(photo credit: none)
This year, my wife Trudy and I went on a five-day
vacation to the Isle of Rhodes right after I finished my 12 days of
volunteer reserve duty in the IDF. I preferred that order, having a
restful vacation after sleeping on a cot with four other snoring men in
the room. But Trudy says that she would have preferred a vacation from
me after being on a vacation with me!
stint in the army reserves brought me to the center of Samaria, to a
little base manned and womanned by soldiers from the Home Front
Command. These young soldiers are primarily trained for search and
rescue operations in case of emergencies. But in the meantime, they
perform vital security tasks along the Green Line.
I was sent with four other volunteer reservists to help them.
Mostly, the pleasure was all ours. These were the best of Israeli
youth, doing an incredibly responsible job.
A few brief observations:
While not fully an "equal opportunity employer," the army is still
taking progressive steps. The young man giving out equipment at the
reception center was a uniformed soldier with Down's syndrome. He was
no less responsive to our complaints than any other soldier in the
• The integration of women into the army - at least in this
unit - is full and complete. On three of my assignments (one involving
48 hours in a very cramped "pillbox" watchtower), the commanding
officers were 19-year-old girls. For the guys under their command,
their officers' gender was irrelevant.
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• The pillbox watchtower where I stood guard
overlooks a military road which is off-limits to all civilian traffic.
One morning, I saw a white minibus speeding toward us. When it passed
the tower and stopped at a nearby Arab house, our female officer went
over to tell the passengers they were not allowed on the road and had
to leave. Through my binoculars I saw that some of them started a
vehement argument with her before they finally got back on the bus and
When our officer returned, she was in tears. "It was a group of
left-wingers from Tel Aviv." she sobbed. "They said what we were doing
to the Palestinians was worse than what the Germans did to the Jews! We
sacrifice two years of our lives to serve our country, and that's how
they talk to us?"
I tried my best to calm her down, with little success. But I
was also thinking, "If this is what the Israeli left has become - a
spokesman for our worst enemies, expressing their contempt for young
people who exemplify Jewish affirmation, then it's no wonder they
collapsed in the last election."
• The figures are just in that 2009 has been Israel's quietest
year in the last decade. This was not a decision made by the
Palestinians; this was a decision made by Israel to stop them. To do
this, we need to gather accurate and up-to-date intelligence on what is
happening in the West Bank.
On one of my assignments, we set up a roadblock near the border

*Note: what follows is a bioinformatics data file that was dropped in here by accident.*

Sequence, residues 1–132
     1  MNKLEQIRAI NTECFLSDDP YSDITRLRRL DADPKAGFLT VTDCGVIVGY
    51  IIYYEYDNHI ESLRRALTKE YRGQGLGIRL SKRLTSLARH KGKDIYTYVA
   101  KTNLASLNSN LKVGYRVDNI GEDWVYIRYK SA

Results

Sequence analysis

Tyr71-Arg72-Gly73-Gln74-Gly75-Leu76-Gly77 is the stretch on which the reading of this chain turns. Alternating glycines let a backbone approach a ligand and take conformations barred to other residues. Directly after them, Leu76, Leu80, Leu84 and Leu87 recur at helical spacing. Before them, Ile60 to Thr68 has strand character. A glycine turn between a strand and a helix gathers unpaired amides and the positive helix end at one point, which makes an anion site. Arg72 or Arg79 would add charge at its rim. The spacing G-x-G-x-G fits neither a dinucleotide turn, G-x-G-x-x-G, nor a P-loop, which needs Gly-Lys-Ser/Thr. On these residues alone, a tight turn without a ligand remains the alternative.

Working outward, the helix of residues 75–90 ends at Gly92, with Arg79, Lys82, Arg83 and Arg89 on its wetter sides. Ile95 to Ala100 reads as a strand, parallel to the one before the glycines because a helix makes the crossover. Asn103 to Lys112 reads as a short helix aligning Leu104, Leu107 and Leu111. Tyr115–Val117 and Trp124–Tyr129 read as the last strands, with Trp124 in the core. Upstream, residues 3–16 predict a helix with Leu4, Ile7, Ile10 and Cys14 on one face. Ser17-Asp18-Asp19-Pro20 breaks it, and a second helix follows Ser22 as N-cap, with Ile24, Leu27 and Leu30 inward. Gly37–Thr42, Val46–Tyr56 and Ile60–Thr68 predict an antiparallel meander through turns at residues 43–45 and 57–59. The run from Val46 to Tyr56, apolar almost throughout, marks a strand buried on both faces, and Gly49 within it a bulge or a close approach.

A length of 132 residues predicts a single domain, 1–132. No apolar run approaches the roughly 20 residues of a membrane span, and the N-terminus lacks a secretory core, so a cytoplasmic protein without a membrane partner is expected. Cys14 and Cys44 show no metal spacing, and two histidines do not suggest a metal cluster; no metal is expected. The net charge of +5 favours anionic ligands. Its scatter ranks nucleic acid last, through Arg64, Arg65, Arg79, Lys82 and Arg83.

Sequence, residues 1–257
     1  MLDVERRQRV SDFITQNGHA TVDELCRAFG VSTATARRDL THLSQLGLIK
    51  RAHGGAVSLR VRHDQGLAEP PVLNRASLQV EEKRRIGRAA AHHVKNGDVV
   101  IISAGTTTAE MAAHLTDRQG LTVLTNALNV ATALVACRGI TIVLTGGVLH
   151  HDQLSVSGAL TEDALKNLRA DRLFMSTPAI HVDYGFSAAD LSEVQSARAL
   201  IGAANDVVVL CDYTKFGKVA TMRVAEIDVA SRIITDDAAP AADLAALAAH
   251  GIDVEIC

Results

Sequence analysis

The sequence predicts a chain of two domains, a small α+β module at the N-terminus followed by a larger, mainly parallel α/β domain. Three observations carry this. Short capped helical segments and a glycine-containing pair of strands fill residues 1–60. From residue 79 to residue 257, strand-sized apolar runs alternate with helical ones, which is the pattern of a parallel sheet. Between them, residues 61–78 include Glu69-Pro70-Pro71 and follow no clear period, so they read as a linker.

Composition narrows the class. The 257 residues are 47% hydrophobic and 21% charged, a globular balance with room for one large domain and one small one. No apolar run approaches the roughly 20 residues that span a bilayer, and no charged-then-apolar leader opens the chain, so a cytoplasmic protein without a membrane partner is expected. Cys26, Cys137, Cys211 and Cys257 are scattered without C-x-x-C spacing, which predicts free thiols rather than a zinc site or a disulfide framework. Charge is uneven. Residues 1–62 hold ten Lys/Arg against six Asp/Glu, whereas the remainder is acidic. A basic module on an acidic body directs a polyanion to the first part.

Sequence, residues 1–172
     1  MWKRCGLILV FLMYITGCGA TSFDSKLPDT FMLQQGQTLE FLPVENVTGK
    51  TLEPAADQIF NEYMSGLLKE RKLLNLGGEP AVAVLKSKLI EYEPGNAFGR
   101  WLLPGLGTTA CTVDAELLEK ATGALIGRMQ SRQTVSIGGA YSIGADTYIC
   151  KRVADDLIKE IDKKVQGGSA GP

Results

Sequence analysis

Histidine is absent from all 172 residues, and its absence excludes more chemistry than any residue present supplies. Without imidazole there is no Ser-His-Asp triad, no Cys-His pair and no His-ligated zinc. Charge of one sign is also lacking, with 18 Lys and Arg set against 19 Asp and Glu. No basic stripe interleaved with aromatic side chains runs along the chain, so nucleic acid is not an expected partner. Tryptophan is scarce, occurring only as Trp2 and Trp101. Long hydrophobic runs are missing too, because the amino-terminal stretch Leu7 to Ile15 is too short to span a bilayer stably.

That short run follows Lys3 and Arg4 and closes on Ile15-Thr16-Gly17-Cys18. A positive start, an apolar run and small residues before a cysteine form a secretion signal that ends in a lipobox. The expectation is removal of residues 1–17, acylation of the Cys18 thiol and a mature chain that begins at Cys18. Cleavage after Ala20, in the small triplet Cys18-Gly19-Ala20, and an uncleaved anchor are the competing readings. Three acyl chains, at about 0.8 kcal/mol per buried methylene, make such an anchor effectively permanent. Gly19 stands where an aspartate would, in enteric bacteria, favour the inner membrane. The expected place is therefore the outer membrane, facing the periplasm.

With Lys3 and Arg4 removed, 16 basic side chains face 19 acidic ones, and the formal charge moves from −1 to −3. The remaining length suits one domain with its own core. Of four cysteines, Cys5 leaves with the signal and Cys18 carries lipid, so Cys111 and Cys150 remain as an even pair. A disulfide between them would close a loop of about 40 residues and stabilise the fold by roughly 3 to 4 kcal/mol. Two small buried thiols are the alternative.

of an area under Palestinian control. Our job was to stop every car and
bring the identity cards of all men to a team of plainclothes
personnel. They would then tell us which of the passengers should be
"invited" over for a short talk. I don't know what was discussed. But I
do know that this was the nuts and bolts of intelligence gathering that
goes on continually - and that is why our years are quiet again.
• The privilege of serving in the IDF still moves people across
oceans. Within my little group, there was one volunteer from Seattle
and another from Frankfurt, Germany, who came here twice a year to do
reserve duty. Among the young soldiers on the base, there were two
girls who came from the US without their parents to serve in the army.
Each one felt the need to help Israel in a tangible way. I stand in awe
of such motivation - but I tried not to let them know.
AFTER MY reserve duty, we flew to the Isle of Rhodes. We
enjoyed roaming through the Old City and the ruins of the island's two
acropolises, and a tavern night of Greek music, song and dancing. One
morning I swam in the icy waters of the "wine-dark" Aegean Sea (as per
Homer), along with a handful of crazy Greeks who start every day like
On a day trip to the town of Lindos, we had a local guide, a
young woman, born on Rhodes and well versed in the island's history.
Like Israel, Rhodes has had a parade of conquerors. After achieving
fame as part of the Greek empire, when the wondrous Colossus was built
in the harbor, Rhodes has been ruled by the Romans, Byzantines, Arabs,
Crusaders, Ottomans and Italians.
After the guide went through this two millennia procession, she added, "And after World War II, Rhodes was returned to Greece."
These old ears perked up. "Wait a minute," I interjected. "What
do you mean,' returned'? The island wasn't ruled by Greeks for over
"Ah," she answered, "but there were always Greeks living on
Rhodes and they never gave up their dream of living under Greek
sovereignty someday." With a grin, she added, "And that is why we have
to sympathize with Zionism."
The writer works in advertising and direct marketing in
Jerusalem. He claims that doing volunteer reserve duty (since 2002)
helps keep him young.
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